Carrie Salls Jul. 22, 2016, 8:29pm


TALLAHASSEE – A recent ruling by the Florida Supreme Court regarding the length of workers’ compensation disability benefits awarded to the most severely injured attempts to bring balance to the state’s system, according to Mark A. Touby, president of Florida Workers’ Advocates.

Specifically, the state’s high court ruled in favor of the plaintiffs in Bradley Westphal v. city of St. Petersburg in a 5-2 vote. In that ruling, the court said stopping disability benefits after 104 weeks for workers who are completely disabled and unable to work but who has not yet reached “maximum medical improvement” status is unconstitutional. The Westphal ruling extends the length of temporary benefits for these workers to 260 weeks.

“The Florida Supreme Court restored benefits for a small segment of injured workers – those who have been most severely injured – in order to provide sufficient time for them to receive necessary treatment and have time to heal,” Touby told the Florida Record. “The ruling provides a realistic lifeline for those who truly need it.”

Touby said the ruling, which was limited in scope, strongly suggested that the state’s legislature should restore additional benefits to disabled workers.

“As the Florida Supreme Court explained, the consistent and repeated elimination of benefits for injured workers over the years has pushed the system past the tipping point,” Touby said.

In an April ruling in the case of Castellanos v. Next Door Co., the Florida Supreme Court said the attorney fee schedule used in workers’ compensation cases is also unconstitutional. However, Touby said that it is important to remember that attorneys’ fees are only awarded after a legitimate claim has been denied by an insurance provider.

“Clearly, even the Florida Supreme Court recognizes that the system needs to be revised to ensure that it strikes a good balance,” Touby said. “For too long, injured workers have been denied the benefits they deserve, often leaving them unable to see a doctor, visit a hospital, or receive treatment.”

Alan Pierce, president of President of the Workers' Injury Law and Advocacy Group (WILG) said over the more than 100 years that workers’ compensation laws have been in force in the United States, benefits levels and durations have changed, usually via legislative action and most often in reaction to a major issue.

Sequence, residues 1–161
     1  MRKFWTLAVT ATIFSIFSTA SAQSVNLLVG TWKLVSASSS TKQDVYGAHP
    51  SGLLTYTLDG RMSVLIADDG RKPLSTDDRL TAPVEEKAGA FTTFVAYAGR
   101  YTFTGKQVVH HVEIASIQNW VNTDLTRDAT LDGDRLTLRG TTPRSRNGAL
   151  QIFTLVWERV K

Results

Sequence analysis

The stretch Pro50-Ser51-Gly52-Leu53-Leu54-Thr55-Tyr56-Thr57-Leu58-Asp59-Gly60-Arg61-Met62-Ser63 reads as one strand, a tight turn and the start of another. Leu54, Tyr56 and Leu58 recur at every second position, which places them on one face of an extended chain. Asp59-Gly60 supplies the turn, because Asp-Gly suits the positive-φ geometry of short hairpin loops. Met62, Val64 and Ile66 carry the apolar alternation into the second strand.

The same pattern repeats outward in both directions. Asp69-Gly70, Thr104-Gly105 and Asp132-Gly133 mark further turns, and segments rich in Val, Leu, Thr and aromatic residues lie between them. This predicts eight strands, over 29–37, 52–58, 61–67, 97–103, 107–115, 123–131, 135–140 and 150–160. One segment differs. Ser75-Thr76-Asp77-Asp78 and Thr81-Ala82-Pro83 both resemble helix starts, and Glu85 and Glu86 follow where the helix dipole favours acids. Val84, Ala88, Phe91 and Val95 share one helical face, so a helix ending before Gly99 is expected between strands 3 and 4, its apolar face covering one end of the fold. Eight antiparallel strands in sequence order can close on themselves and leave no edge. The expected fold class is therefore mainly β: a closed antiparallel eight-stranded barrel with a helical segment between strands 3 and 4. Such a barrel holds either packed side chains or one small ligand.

“A properly designed and operating system (will achieve) some sort of balance; fair and efficiently delivered benefits at a reasonable cost to the employer,” Pierce said.

Over the past 20 or more years, Pierce said workers’ compensation costs and medical costs have increased, and the business community and many governors and legislatures have become more “pro-business” than “pro-labor.”

“In many of these states, Florida among them, the easiest way to address the cost issue has been to simply reduce if not slash benefits rather than look at other ways that other states have addressed the out of balance problem,” Pierce said.

As a result, Pierce said the amount of time a partially disabled worker in Florida could collect a wage replacement to partially compensate his loss of earnings and earning capacity was reduced to the 104-week limit that was found unconstitutional and extended in the Westphal ruling.

“Since the legislature could not and did not act to correct this inequity the Florida Supreme Court, correctly in our view, held that such a limitation in face of the mandated exclusive remedy against an injured worker bringing a tort suit against his employer was an unconstitutional deprivation of due process, access to the courts and so forth,” Pierce said.

Pierce said the attorney fee schedule is another example of the “pro-business” mentality, as there are no restrictions on what employers and insurance companies can pay their specialized attorneys.

“One way to limit what a claimant might receive is to prevent him or her from competent specialized counsel who not only can recognize when and how his client is getting (taken advantage of), but know how to navigate the statutes, regulations and state agency to fight for what his client is due,” Pierce said.

Still, Pierce said the Florida Supreme Court’s rulings are a sign that the basic structure of workers’ compensation is sound.

“This is our constitutional checks and balances at work and is refreshing to view,” Pierce said. “The simplistic cutting of benefit levels rather than fixing the underlying problems will in the end prove more costly for all involved. Westphal is evidence of that.”

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